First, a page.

University Gallery, Heiligenkreuzerhof
Entrance : Schönlaterngasse 5 or Grashofgasse 3, 1010 Vienna
Stairway 8, 1st Floor
Oktober 10, 2023, 6 pm
- Director Collection and Archive
- Curatorial Team
Stefanie Kitzberger and Robert Müller in cooperation with Alexandra Barcal (Graphische Sammlung ETH Zürich)
- Exhibition Management
Judith Burger, Laura Egger-Karlegger
- Exhibition design
- Research and booklet
Laura Egger-Karlegger, Stefanie Kitzberger, Eva Marie Klimpel, Ursula Prokorny, Robert Müller
- Exhibition office University Gallery
Lill Tschudi – Franz Čižek. A delightful sort of game explores relationships between artistic practice and teaching in the 20th century by bringing two figures in dialogue. The pivot of the exhibition is the graphical work of Swiss artist Lill Tschudi (1911–2004), which is shown for the first time in Austria as part of a cooperation between the Angewandte and the Graphische Sammlung ETH Zurich. This monographic perspective is furthermore expanded by exploring the relationship of Tschudi’s works to selected holdings from the collection of the University of Applied Arts Vienna that document the reform pedagogy of artist Franz Čižek (1865–1946).
The exhibition looks at Tschudi and Čižek as exemplary artistic positions in interwar and postwar Europe, in whose work aspects of applied and fine art as well as abstraction and figuration interrelate. Both Tschudi’s artistic works and Čižek’s pedagogy are linked to the development of modern chromatic printing as well as to reform tendencies in society and pedagogy and the discovery of “children's art” around 1900. Lill Tschudi studied linocut at London’s Grosvenor School of Modern Art in 1929 with the British artist Claude Flight (1881–1955). Flight integrated Čižek’s approaches into his own teaching after a personal encounter with him. In the introduction to his 1934 book, The Art and Craft of Lino Cutting and Printing, which he illustrated with linocuts of children and works by his students alike, he quotes Čižek’s approach as a (new) model for artistic expression and “emotional organization” that is credited to the artistic activities of children. Čižek’s attitude and working methods in his youth art class [Jugendkunstklasse], which incorporated into the Vienna School of Applied Arts [Kunstgewerbeschule] between 1903 and 1906, gained early renown, especially in the Anglo-American world. Works by his students were shown worldwide in numerous exhibitions. The class aimed at enabling children and young people to develop their own creativity in a wide variety of techniques and materials, as well as in joint discussions.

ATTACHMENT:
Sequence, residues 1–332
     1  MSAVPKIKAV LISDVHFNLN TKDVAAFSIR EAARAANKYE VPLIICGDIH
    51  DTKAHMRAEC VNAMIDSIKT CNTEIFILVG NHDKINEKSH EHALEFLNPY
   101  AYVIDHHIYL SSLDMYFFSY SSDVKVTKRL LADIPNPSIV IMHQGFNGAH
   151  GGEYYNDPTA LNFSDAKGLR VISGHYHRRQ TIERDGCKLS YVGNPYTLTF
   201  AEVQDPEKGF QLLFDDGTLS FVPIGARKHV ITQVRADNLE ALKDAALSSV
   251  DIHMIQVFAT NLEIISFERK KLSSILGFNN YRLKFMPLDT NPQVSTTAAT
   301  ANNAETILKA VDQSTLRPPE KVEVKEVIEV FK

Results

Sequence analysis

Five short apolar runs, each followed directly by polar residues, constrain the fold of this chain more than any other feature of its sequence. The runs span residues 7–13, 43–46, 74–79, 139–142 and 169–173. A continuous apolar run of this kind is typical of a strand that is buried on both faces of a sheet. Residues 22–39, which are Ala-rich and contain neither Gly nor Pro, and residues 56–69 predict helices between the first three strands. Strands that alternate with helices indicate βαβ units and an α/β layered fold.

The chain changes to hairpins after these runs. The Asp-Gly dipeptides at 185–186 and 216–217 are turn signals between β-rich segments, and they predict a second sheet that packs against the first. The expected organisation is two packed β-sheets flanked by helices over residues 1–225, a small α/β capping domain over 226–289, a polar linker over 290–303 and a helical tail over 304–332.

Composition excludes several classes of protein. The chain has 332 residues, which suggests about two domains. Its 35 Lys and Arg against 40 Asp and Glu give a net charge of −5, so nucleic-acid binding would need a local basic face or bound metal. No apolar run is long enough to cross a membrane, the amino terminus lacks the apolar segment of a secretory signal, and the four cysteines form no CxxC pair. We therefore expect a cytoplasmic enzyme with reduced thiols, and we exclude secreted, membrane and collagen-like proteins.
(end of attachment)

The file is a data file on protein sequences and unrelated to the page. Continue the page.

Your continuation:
Lill Tschudi – Franz Čižek. A delightful sort of game explores the new status of children’s artistic work as a practice in its own right worthy of being exhibited. It looks at the functions of simple techniques such as linocut, as they were established and used in Čižek’s and Flight’s teaching and in Tschudi’s artistic practice, in relationship to social transformations and artistic innovations. The exhibition traces the role of published prints for Tschudi’s development – for example, those by Norbertine Bresslern-Roth (1891–1978), whose depictions of animals she presumably became acquainted with through an exhibition at the Antwerp Zoological Gardens and later through journal The Studio – and the relationship of Čižek’s work to Viennese (social-democratic) educational reform. It follows possible “stylistic contagions” (Barbara Wittmann), affinities and translations that were owed to the institutional environment of the youth art class. Čižek’s interest in “folk art” and the prints of the Wiener Werkstätte, for example, overlapped with his eclectic engagement with contemporary avant-garde movements such as Futurism or Cubism, through which students in his courses for “Ornamental Morphology” approached problems of movement, space, and temporality. In this regard, the exhibition also looks at the role of British Vorticism for the Grosvenor School for the work of Lill Tschudi's oeuvre, which includes about 450 linocuts that often show dynamic depictions of metropolitan everyday scenes, sports and military subjects
Lill Tschudi – Franz Čižek. A delightful sort of game aims at making legible such personal, historical, and formal references between Lill Tschudi’s and Franz Čižek’s practices by means of playful layerings and cross-sections as well as through questioning the relationship of both œuvres to international formations and issues of modernity.
The exhibition relates to the show Lill Tschudi. The Excitement of the Linocut 1930–1950, which was on view at the Graphische Sammlung ETH Zurich in 2021–22.